banner

 

September 10, 2012

 

Freeville fest benefits church

Village heralds fall season with crafts, food and games

Freeville

Joe McIntyre/staff photographer
Marge Lacey of McLean finds Japanese lanterns and a tree-trunk clock for sale Saturday at the Freeville Harvest Festival on the elementary school grounds.

By CATHERINE WILDE
Staff Reporter
cwilde@cortlandstandardnews.net

FREEVILLE — Leaves crunched underfoot and the wind gusted against vendor tents Saturday at the Freeville Harvest Festival.
Donna Fisher, an organizer of the festival, said the event has been going on for about 35 years, though the exact number of years is hard to pinpoint.
The festival is sponsored by the United Methodist Church, with proceeds going to the church and to local community services like The Advocacy Center in Ithaca and the Tompkins County Society for the Prevention of Cruelty to Animals, said the Rev. Dale Austin.
Austin said the festival typically draws in about $3,000 to $4,000.
Fisher said the festival is an important outlet for the community. She said the school Parent Teachers Association used to have a spring festival but that was supplanted by other forms of fundraising.
“So it is that much more important to continue this and have it going for the community,” Fisher said.
On Saturday, various craft and food vendors held onto their tables and hoped their tents stayed in the ground, as the wind gusts picked up in the morning.
Joanne Madigan, who was selling crafts like handmade place mats and purses with her friend Sherry Scott, said she was glad for the extra tarp supporting the tent. Though it was her first time showcasing her handiwork at the festival, Madigan said she would return in the future.
“It’s nice, I’ll come back. The people are very nice,” said Madigan, adding she just started doing shows with Scott last summer.
The two, Madigan a Groton resident and Scott from Trumansburg, sew on their free time as both also have full-time jobs.
Place mats and coasters were sold to visitors in the morning, Madigan said.
Scott said the attention is good for exposure and their egos.
“They say everything is pretty and if you sell something, even better,” Scott said.
At the SPCA table, Allison Myers of Freeville and Bob Sherwood of Dryden educated the public about the importance and availability of spay/neuter programs and answered any other questions people may have about their pets. A 1-year-old neutered orange male cat sat quietly awaiting adoption while some rambunctious kittens vied for the attention of onlookers in another cage.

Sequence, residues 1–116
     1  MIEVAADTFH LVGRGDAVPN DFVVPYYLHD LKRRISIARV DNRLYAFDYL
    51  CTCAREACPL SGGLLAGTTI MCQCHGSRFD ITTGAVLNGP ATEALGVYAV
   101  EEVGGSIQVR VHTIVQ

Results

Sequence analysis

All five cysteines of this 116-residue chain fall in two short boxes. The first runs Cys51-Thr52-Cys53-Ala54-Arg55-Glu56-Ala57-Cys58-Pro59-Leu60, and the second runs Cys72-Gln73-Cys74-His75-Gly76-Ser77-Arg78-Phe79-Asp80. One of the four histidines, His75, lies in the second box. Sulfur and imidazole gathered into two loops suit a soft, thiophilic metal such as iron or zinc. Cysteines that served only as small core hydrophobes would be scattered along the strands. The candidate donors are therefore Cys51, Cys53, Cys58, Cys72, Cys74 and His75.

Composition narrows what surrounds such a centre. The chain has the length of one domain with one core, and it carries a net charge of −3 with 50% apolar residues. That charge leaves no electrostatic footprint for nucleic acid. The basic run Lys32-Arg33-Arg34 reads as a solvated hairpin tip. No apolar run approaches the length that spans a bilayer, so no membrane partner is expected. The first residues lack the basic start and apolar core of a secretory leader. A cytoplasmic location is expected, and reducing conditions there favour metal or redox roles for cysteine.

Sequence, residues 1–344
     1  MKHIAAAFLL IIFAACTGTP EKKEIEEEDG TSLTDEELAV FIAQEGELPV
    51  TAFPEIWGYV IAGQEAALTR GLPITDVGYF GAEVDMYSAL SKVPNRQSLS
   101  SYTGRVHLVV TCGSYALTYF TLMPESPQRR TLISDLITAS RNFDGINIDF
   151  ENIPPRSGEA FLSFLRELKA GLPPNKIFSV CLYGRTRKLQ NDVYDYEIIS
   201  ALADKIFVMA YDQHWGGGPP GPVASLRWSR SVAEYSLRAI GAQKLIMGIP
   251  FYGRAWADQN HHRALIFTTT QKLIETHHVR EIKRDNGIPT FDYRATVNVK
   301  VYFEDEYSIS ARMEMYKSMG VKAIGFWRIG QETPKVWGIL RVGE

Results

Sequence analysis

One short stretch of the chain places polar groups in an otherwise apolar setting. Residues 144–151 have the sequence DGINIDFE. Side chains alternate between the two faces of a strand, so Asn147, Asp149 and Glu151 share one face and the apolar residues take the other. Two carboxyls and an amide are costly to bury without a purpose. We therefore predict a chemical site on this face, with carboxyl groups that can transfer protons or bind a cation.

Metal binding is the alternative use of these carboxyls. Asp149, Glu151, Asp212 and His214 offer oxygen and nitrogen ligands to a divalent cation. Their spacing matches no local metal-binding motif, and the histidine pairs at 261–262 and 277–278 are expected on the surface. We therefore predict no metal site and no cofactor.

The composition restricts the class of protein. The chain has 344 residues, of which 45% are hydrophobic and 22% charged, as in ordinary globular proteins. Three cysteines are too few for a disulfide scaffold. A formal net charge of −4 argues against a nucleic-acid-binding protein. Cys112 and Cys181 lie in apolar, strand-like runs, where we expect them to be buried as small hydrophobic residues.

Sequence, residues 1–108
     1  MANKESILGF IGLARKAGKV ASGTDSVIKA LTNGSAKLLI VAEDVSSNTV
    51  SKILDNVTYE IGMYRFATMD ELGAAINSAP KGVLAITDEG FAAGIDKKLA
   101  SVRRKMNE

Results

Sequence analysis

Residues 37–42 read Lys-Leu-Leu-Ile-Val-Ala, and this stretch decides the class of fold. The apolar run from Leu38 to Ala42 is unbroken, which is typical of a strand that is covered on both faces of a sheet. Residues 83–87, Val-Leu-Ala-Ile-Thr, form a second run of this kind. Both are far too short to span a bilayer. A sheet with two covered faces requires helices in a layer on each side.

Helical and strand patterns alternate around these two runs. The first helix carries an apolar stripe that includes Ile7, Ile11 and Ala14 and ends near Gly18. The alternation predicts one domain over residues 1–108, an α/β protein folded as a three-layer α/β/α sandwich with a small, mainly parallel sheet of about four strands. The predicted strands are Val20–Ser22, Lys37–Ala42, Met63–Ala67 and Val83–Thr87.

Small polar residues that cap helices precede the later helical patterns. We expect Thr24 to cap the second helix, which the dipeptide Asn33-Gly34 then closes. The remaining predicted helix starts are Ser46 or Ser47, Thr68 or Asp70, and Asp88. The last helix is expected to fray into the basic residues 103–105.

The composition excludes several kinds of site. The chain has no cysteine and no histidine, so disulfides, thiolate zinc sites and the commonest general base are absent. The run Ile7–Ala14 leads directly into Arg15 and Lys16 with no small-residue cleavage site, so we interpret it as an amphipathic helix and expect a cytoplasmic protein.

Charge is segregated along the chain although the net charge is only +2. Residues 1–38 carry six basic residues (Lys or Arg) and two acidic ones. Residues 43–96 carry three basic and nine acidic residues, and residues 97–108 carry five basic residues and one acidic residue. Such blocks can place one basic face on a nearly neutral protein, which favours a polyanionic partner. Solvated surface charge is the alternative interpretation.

Myers said opportunities to display the animals like the Freeville Festival offers, are important because it gets people thinking about adopting. Even if an animal is not taken home that day, the person may return soon to adopt the animal, she said.
Sherwood said sometimes it’s just a matter of having the “right animal in the right place at the right time.”
A disc jockey broadcast tunes over a stereo system and some onlookers swayed to the music.
Fisher said the festival has had live bands in past years. Fisher attributed Saturday’s morning sparse turnout to the weather, which was windy with warnings of thunderstorms throughout the day.
“People are holding off, not knowing what to expect,” said Fisher, adding some crafters did not come because of the wind.
But Fisher was still planning fall-related activities for the children to participate in all day long, like an apple hunt and a corn cob toss.
Cortland resident Peter Martin wandered through the exhibits with his 4-year-old son, Micah, and 10-month-old daughter, Abigail. Peter’s wife, Ashley, was a craft vendor, displaying wall ornaments and handmade headbands and children-themed trinkets.
“It’s a great location and a lot of the locals come out. The harvest festival has a reputation in the community,” Peter said, adding he let his children play in the nearby park and that they would get baked goods before leaving.
Freeville resident Emily Alexander was walking her neighbor’s dog when she happened upon the festival. Alexander was curious about what the vendors had to offer when she came across the activity.

 

To read this article and more, pick up today's Cortland Standard
Click here to subscribe